MOJ ISSN: 2379-6162MOJS

Case Report
Volume 3 Issue 1 - 2016
Successful Management of a Rare Palatal Tumor Preventing Further Complications
Simon Chummar*, Bhushan Jayade and Ravikant Adiraju
Dental Department, NMC Specialty Hospital, UAE
Received: January 29, 2016 | Published: February 15, 2016
*Corresponding author: Simon Chummar, NMC Specialty Hospital, Dental Department, PB-7832, UAE Tel: +971502010266; Email:
Citation: Chummar S, Jayade B, Adiraju R (2016) Successful Management of a Rare Palatal Tumor Preventing Further Complications. MOJ Surg 3(1): 00034. DOI: 10.15406/mojs.2016.03.00034


Myoepithelioma is a benign tumor of the glandular organs. It is predominantly seen in the breast glands. Its occurrence in the salivary glands is rare and even then it is seen mainly in the major Salivary gland of the parotid. Less than 1% of these tumors have been reported in literature occurring in the minor Salivary glands especially the Palate. We report a case of large Myoepithelioma involving the hard and soft palate which was treated successfully. are lethal.We describe two case reports of synophthalmus and its main features.

Keywords: Myoepitheliomas; Tumor


Among all the salivary gland neoplasms Myoepitheliomas constitute only 1-1.5% of these tumour. Other names of Myoepitheliomas are myoepithelial adenoma or benign myoepithelial tumors. The tumor has been found in the head and neck region, and their symptoms vary accordingly. The term myoepithelioma was first coined by Sheldon in 1943 [1]. Myoepithelioma are slow growing tumors and present as an asymptomatic mass that slowly enlarges over a period of months to years. The average age of patients being in the third decade. They occur in a posterolateral part of the hard palate and soft palate because anterior part of the hard palate is devoid of minor salivary glands. Literature has reported recurrent and malignant ones also. Myoepithelioma exhibit 4 main cell morphologies of which spindle cell forms are most common [2]. The other histopathological forms being the epithelioid, plasmacytoid, and clear cells which is least common. A mixture of these subtypes may be present in one tumor. We report a case of Plasmacytoid variety here involving the soft and hard palate, along with their radiological features, histological findings, management and differential diagnosis. Myoepitheliomas are known to have less recurrence after complete surgical resection.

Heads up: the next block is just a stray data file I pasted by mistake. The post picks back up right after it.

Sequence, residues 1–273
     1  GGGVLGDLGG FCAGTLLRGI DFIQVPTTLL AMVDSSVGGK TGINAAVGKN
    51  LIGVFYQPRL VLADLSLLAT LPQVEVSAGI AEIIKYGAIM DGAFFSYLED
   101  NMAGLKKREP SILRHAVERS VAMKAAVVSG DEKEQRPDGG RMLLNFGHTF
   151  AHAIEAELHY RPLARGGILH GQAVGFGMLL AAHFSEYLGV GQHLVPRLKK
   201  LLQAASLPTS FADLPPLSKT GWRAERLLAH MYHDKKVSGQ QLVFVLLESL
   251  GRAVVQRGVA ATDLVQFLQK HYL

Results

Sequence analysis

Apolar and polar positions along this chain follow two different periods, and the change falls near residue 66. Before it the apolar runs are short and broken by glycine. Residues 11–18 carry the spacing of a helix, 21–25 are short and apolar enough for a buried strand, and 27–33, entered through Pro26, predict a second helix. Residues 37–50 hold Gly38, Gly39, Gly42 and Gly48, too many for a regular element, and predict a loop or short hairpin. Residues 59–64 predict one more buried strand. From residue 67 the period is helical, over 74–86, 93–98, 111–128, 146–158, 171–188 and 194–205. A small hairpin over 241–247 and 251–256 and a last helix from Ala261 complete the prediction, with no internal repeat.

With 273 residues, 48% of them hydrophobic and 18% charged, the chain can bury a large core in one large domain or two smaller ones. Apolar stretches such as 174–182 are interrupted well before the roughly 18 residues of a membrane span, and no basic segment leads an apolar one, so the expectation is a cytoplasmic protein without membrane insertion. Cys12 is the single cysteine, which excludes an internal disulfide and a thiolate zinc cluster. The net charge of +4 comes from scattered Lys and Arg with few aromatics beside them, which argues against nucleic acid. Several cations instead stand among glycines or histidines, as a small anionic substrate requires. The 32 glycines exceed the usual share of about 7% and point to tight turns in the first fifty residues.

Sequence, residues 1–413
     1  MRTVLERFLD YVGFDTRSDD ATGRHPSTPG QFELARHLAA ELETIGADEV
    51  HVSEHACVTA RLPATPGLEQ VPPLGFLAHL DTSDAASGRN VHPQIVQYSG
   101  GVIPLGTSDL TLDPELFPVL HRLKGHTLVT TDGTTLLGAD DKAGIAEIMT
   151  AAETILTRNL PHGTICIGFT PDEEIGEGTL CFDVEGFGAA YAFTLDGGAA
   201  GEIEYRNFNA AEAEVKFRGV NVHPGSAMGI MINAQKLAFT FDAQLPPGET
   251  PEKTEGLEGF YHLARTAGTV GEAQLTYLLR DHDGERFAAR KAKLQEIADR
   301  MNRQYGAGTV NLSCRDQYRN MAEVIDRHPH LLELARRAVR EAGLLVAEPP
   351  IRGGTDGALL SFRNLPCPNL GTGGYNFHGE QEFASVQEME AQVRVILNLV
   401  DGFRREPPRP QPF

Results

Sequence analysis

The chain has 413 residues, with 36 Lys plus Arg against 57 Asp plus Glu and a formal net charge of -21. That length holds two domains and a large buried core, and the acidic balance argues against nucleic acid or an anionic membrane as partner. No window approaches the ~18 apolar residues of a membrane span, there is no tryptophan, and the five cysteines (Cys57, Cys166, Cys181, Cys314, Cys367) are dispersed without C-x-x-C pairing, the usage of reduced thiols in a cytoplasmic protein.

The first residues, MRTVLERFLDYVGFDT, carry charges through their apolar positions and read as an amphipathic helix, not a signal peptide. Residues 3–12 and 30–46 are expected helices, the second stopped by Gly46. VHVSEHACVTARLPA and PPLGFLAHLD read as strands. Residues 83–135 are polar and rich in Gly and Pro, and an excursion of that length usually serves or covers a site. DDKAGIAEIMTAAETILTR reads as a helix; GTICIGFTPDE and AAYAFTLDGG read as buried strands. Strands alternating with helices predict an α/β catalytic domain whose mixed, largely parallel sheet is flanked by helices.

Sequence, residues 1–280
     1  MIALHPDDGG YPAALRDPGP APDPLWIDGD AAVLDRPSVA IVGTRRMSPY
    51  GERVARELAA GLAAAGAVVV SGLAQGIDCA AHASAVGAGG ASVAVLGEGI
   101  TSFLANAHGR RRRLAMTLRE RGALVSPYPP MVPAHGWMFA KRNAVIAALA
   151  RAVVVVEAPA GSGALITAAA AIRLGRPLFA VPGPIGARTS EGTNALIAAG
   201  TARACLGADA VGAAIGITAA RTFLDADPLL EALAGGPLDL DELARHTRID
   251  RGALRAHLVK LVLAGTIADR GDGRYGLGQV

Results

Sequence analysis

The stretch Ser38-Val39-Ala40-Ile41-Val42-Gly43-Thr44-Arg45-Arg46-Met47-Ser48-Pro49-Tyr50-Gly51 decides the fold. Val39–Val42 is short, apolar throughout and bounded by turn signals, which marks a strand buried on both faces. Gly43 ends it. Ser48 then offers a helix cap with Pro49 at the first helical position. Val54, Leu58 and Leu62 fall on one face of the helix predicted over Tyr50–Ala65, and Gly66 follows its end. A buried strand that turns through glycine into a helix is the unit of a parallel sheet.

Case Report

A 23 years old female presented with slow growing swelling of approximately 4 years of duration involving her hard and soft palate junction on the right side. The swelling was peanut size when she first observed. However as lesion had always been asymptomatic with no associated pain or paraesthesia the patient had neglected it. She only sought medical help when it started obstructing her speech and eating. The patient’s medical history was noncontributory. She had no known allergies and not undergone any surgeries of head and neck. Clinically the patient presented with typical ‘Hot potato in mouth’ speech. Inspection of the lesion revealed ulcerated dome shaped palatal swelling of size about 5x4 cms in the posterior part of hard palate right side extending on to the soft palatal junction crossing the midline. The overling mucosa was red and stretched and presented as a single mass without any nodules. The lesion was firm non tender and not blanching to pressure on palpation (Figure 1).

Figure 1: Preoperative view of growth with ulceration on the surface.

CT Scan of the maxilla revealed erosion of the right half of the hard palate with intranasal extension into the floor of the right nostril with erosion of the adjustant part of the medial wall of the right maxillary antrum upto the base of pterygoid plates and medially the inferior part of the bony part of the nasal septum on that side (Figure 2 & 3). The soft palate was pushed in to the oropharynx. Punch biopsy was taken which suggested Myoepithelioma of minor salivary gland. All preoperative blood and urine investigation was done which were within normal limits. The patient was intubated nasally with endotracheal tube and wide local excision of the mass was done. The tumor was dissected from the nasal mucosa. The excised mass was about 4.5x 3 x2.5cms (Figure 4) and send for histopathological examination. An obturator was given postoperatively.